Send to

Choose Destination
Dev Biol. 1994 Jan;161(1):131-40.

Gamma-tubulin is asymmetrically distributed in the cortex of Xenopus oocytes.

Author information

Department of Biology, University of Utah, Salt Lake City 84112.


Stage VI Xenopus oocytes contain an extensive network of cytoplasmic microtubules (MTs), with no evidence of a functional centrosome. Recently, Stearns et al. (1991) demonstrated that Xenopus eggs contain a substantial pool of the centrosomal protein gamma-tubulin (gamma-Tb). For this report, I have used confocal immunofluorescence microscopy to examine the distribution of gamma-Tb during the later stages of oogenesis in Xenopus laevis. gamma-Tb was apparent surrounding the germinal vesicle (GV) of stage VI oocytes, consistent with previous results suggesting that the GV serves as an microtubule organizing center in later oogenesis. Surprisingly, gamma-Tb was also concentrated in the cortex of stage VI oocytes, and the distribution of cortical gamma-Tb was polarized along the animal-vegetal (A-V) axis. In the vegetal cortex, gamma-Tb was observed in brightly stained foci, often organized into short linear arrays. In the animal hemisphere, gamma-Tb was more evenly distributed as small cortical foci. Dual immunofluorescence microscopy revealed that gamma-Tb in the vegetal hemisphere was associated with MTs in the cortical cytoplasm. The distribution of gamma-Tb was not significantly affected by either cold or nocodazole, but was partially disrupted by cytochalasin B. gamma-Tb thus may serve as a link between the oocyte MT network and cortical actin. Finally, polarization of the distribution of cortical gamma-Tb temporally coincides with formation of the A-V axis and polarization of the oocyte MT cytoskeleton during stage IV of oogenesis. These observations raise a number of questions regarding the organization and orientation of MTs during Xenopus oogenesis and the role of gamma-Tb in the polarization of the oocyte cytoskeleton during A-V axis formation.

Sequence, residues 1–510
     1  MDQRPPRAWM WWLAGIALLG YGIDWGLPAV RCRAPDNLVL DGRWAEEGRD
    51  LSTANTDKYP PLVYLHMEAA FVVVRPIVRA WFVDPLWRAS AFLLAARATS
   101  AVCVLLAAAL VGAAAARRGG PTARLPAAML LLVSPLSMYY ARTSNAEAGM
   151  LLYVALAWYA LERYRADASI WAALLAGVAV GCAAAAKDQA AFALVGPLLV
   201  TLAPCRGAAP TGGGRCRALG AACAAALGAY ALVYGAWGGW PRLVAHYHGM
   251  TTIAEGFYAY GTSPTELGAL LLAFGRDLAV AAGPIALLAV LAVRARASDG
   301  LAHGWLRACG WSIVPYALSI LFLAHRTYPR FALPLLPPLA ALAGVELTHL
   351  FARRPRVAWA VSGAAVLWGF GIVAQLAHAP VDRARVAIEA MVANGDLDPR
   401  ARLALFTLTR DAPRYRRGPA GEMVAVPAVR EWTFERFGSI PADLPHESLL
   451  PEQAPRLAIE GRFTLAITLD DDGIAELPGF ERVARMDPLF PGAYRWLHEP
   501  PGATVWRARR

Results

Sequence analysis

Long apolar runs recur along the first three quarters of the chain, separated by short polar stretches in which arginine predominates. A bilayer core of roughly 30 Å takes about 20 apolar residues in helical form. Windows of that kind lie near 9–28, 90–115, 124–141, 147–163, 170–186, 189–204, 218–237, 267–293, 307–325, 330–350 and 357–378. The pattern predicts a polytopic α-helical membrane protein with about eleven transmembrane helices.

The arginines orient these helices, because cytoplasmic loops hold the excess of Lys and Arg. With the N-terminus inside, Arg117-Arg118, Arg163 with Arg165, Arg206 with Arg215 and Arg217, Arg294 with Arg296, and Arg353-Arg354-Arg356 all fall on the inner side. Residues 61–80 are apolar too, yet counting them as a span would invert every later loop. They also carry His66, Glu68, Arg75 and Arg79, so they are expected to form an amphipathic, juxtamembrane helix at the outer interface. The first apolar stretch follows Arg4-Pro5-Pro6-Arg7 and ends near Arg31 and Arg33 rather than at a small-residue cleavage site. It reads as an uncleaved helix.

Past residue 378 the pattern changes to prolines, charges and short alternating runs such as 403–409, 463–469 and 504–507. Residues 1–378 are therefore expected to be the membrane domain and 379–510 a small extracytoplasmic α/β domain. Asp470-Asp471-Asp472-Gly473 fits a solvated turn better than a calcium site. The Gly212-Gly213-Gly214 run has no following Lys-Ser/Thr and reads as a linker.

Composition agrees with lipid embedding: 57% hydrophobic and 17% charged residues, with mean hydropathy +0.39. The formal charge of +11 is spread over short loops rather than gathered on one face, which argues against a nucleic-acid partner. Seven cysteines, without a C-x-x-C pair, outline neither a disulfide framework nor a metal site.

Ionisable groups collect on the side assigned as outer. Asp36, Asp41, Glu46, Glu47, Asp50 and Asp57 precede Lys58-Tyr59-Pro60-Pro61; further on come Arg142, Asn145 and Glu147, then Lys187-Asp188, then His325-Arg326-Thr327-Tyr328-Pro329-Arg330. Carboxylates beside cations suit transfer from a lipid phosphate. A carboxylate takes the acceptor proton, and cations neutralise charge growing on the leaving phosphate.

[Indexed for MEDLINE]

Supplemental Content

Full text links

Icon for Elsevier Science
Loading ...
Support Center